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The history (and evolution) of athlete activism

Sports stars are increasingly using their huge personal platforms to speak out about injustice, even if sometimes their sponsors would prefer them not to. Simon Oliveira, the sport and entertainment specialist who has worked with the likes of David Beckham, Usain Bolt, Neymar Jr and Liam Payne, examines the rise of athlete activism, and what it means for brand partners.

Athletes around the world have been central to the global outpouring of emotion since the senseless death of George Floyd.

In times of tragedy and injustice, the power of social media is never more evident. Since that fateful day, almost every globally recognised sportsperson has taken to their personal platforms to express their thoughts and feelings on the endemic racism that still exists in society. Anger has now turned to activism.

Athlete activism is not a new phenomenon of course. Even back in 1966, heavyweight boxing champion Muhammad Ali refused to be drafted into the US military, citing his religious beliefs and opposition to the Vietnam War. This led to a three-and-a-half-year hiatus from the sport as he was denied a boxing license in every US state and stripped of his passport.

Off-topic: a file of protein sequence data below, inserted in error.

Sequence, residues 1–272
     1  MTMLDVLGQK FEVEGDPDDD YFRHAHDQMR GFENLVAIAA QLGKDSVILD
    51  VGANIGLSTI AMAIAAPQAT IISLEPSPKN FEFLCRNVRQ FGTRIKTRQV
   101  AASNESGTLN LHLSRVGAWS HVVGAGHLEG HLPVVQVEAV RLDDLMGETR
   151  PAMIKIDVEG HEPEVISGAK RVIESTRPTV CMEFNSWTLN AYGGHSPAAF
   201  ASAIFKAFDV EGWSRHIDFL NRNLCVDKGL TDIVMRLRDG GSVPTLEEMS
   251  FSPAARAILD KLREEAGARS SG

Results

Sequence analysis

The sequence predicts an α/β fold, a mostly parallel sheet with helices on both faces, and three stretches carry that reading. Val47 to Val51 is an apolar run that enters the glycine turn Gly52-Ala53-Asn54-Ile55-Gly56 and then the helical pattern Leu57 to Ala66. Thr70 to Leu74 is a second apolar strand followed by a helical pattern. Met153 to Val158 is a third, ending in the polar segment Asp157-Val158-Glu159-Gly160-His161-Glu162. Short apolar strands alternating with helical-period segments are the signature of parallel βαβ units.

This incident was followed by one of the most symbolic moments in sports history when Tommie Smith and John Carlos delivered a Black Power salute on the medal rostrum at the Mexico ‘68 Olympics. At the time, the Olympic Games was by far the biggest global platform for an athlete due to its worldwide media exposure, led by the advent of colour television coverage. Carlos and Smith were expelled from the Games, ostracised for their actions and received death threats on their return to the United States.